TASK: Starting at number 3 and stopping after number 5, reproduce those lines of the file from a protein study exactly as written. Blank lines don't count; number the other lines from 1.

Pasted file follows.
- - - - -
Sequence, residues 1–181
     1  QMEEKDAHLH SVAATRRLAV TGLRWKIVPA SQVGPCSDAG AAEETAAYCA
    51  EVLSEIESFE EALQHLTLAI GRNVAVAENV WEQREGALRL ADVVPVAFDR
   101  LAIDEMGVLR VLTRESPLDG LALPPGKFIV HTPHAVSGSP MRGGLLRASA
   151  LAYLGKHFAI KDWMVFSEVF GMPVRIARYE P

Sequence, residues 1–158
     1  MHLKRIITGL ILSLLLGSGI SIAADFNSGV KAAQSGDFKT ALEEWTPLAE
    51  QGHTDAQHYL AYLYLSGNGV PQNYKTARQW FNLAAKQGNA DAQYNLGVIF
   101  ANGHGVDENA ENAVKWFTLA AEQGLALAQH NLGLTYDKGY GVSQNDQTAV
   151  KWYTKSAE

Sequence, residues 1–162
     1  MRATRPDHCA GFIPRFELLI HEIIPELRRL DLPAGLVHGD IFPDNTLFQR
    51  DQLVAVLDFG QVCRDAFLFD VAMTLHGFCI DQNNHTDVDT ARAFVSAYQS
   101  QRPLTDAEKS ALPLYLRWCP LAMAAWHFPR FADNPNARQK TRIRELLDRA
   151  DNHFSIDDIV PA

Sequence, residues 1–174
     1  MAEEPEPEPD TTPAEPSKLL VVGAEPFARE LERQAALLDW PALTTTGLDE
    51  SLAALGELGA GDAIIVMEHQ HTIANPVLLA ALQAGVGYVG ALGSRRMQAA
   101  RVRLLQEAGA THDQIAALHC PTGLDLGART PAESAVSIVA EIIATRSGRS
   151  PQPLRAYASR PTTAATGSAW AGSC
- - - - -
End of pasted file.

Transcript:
    51  EVLSEIESFE EALQHLTLAI GRNVAVAENV WEQREGALRL ADVVPVAFDR
   101  LAIDEMGVLR VLTRESPLDG LALPPGKFIV HTPHAVSGSP MRGGLLRASA
   151  LAYLGKHFAI KDWMVFSEVF GMPVRIARYE P